The more Deep Ellum changes, the more it looks the same. A good part of that has to do with Clint and Whitney Barlow, who have made it their mission to reopen some of the neighborhood's most legendary music venues.
First, in 2009, it was Trees, then, six years later, it was The Bomb Factory. Now they've set their sights on reviving a third club: Deep Ellum Live.
Clint Barlow announced the news yesterday morning on his Facebook page. The club, which last hosted live music in 2004, is located on the corner of Canton and Crowdus and is attached to The Bomb Factory. It's slated to open sometime in 2017.
"Clint and Whitney have been awesome at taking things that were at one point enjoyable to people, then bringing them back in an even better way," says Gavin Mulloy, the creative director at Trees and The Bomb Factory. Deep Ellum Live was the logical next step for expansion. He says, "There's this room next door, something in Deep Ellum where a lot of people went to shows there back in the day."
The reason for reopening Deep Ellum Live, according to Mulloy, is simple: They needed more room. Or, rather, another room. "There will be nights where we're booked at both Trees and The Bomb Factory and we have the opportunity to do other things, but we're limited by space," he says. "The cool thing about The Bomb Factory this year is the phone rings all the time with people going, 'I want to do something there.' But some people's ideas aren't as big as the room is. It just gives us more options."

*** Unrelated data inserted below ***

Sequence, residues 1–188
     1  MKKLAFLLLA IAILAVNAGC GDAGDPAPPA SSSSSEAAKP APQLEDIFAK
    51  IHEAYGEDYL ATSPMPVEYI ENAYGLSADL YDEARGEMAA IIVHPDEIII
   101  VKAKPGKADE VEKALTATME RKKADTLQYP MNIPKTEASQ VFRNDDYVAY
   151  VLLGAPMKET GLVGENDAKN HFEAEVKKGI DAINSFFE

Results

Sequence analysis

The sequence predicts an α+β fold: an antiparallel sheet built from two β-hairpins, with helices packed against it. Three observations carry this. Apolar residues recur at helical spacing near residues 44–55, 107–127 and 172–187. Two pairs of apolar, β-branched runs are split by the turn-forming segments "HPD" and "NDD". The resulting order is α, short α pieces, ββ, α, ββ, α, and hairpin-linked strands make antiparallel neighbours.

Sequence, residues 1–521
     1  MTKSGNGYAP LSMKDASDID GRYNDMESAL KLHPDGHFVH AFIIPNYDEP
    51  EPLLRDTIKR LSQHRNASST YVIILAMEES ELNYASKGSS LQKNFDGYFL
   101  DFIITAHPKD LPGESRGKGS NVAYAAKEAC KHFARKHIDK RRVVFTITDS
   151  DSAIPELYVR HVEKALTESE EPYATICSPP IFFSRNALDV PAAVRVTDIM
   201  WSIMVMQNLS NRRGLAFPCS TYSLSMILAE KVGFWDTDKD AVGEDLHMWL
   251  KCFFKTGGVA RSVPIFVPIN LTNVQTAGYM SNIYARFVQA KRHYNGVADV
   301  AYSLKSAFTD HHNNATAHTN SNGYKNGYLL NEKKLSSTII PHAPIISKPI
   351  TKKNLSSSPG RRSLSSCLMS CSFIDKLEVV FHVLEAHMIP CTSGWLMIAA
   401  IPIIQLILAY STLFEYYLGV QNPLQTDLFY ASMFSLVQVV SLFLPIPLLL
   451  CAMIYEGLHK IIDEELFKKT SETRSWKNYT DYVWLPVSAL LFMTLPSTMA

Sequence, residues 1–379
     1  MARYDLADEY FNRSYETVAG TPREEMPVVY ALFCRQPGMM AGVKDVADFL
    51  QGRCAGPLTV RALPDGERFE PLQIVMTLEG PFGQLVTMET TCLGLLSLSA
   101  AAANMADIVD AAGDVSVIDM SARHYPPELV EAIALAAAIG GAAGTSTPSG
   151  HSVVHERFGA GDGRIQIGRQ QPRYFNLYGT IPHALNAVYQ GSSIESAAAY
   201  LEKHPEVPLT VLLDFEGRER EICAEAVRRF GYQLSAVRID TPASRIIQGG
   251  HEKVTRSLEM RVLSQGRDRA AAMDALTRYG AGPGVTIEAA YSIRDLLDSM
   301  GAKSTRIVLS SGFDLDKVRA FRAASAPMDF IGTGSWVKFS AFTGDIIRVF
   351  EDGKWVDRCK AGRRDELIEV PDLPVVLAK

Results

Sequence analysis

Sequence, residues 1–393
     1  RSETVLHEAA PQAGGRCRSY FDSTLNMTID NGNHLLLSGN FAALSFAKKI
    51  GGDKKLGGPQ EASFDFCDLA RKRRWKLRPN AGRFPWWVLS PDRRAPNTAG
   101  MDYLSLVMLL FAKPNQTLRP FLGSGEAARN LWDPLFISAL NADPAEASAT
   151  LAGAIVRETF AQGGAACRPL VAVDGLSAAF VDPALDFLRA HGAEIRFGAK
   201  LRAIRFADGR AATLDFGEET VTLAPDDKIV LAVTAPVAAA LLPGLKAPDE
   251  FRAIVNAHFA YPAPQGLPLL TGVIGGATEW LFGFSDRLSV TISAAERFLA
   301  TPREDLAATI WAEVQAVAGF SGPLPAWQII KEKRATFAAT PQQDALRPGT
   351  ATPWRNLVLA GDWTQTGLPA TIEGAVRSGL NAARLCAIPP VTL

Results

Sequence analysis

Whether or not the old name returns with the room is yet to be seen — "I'm not saying it won't be Deep Ellum Live, but we're still figuring stuff out," Mulloy says — but if it doesn't, it wouldn't be the first time the club operated under a different alias. It was first opened in the late '80s as a country dance hall called Tommy's, before it was renamed Deep Ellum Live in 1991 and became a mainstay of alternative and grunge bands.
When The Bomb Factory returned after a 20-year hiatus in March 2015, it was as state-of-the-art as any club in North Texas. But that was a far cry from its original incarnation, which hadn't even had air conditioning — much like Deep Ellum Live. "Both rooms were empty concrete and metal, so it was really loud or really hot or really cold," says Jeff Liles, the artistic director at The Kessler. He was a booker at Trees in the early '90s. "It didn't have any furniture in it. It was literally just a big, open floor."
The Bomb Factory today is expanded from its original layout, but Mulloy says that won't affect the Deep Ellum Live floor plan because there had previously been another building in between the two. Demolition is already underway. "They went all out when they redid The Bomb Factory," Liles says. "If they take the same approach with Deep Ellum Live, I'm sure it'll be the perfect missing piece down there."
With Deep Ellum Live back in the equation, one of the last missing venues from Deep Ellum's '80s and '90s heyday will be back in operation. By Liles' estimation, only the former Theater Gallery and Clearview will be missing — and that could be enough to make Dallas a serious concert player.
"It's huge. When all these things get up and running on all cylinders, it's going to be really, really hard to touch Dallas as far as a metropolitan area for concert-going experiences," says Liles. "It's a really good thing for Deep Ellum. … When Clint sets his mind to taking a room and bringing it back, he knows what he's doing. He's proven it."
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